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Since the first cluster of cases of coronavirus disease 2019 (COVID-19) infection was reported in Wuhan, China at the end of December 2019, reporting of cases has spread widely over the past 3 months to become a pandemic of crisis proportions and a rapidly increasing number of deaths, affecting virtually every country across the world. As of 30 March 2020, 724 000 cases have been reported globally, with almost 35 000 deaths. These numbers are accelerating, with a doubling about every 3–4 days. The spread outside China was initially to other countries in Asia, most notably the Republic of Korea, then to the Middle East, most notably Iran, then to southern Europe, most notably Italy and Spain, then further north in Europe, the UK and then to the most recent epicentre; the USA. At the time of writing, considerably fewer cases have been reported in many low-income and middle-income countries, such as in Africa, but numbers of cases and deaths are likely to rise sharply in these countries, especially where testing and healthcare facilities are limited.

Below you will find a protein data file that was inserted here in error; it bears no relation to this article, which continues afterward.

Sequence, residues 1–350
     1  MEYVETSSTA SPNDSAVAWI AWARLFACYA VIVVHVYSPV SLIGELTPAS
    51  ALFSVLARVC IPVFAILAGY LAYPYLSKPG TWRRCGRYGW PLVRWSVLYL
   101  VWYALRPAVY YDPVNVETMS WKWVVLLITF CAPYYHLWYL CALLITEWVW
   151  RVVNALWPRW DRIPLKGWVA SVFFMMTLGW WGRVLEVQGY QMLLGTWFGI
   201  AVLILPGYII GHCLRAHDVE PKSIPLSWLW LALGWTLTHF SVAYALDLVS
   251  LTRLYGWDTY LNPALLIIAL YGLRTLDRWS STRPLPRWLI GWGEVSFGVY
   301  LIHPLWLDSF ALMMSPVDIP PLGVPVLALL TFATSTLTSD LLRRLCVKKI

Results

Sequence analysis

While there has been regular tracking and reporting of total cases and deaths across the world, what is less well known is the contribution to these numbers from different types of workers through workplace exposure. Clearly, those workers involved in healthcare are at the front line in terms of risk of infection and death, …
Funding The authors have not declared a specific grant for this research from any funding agency in the public, commercial or not-for-profit sectors.
Competing interests None declared.
Patient consent for publication Not required.
Provenance and peer review Commissioned; internally peer reviewed.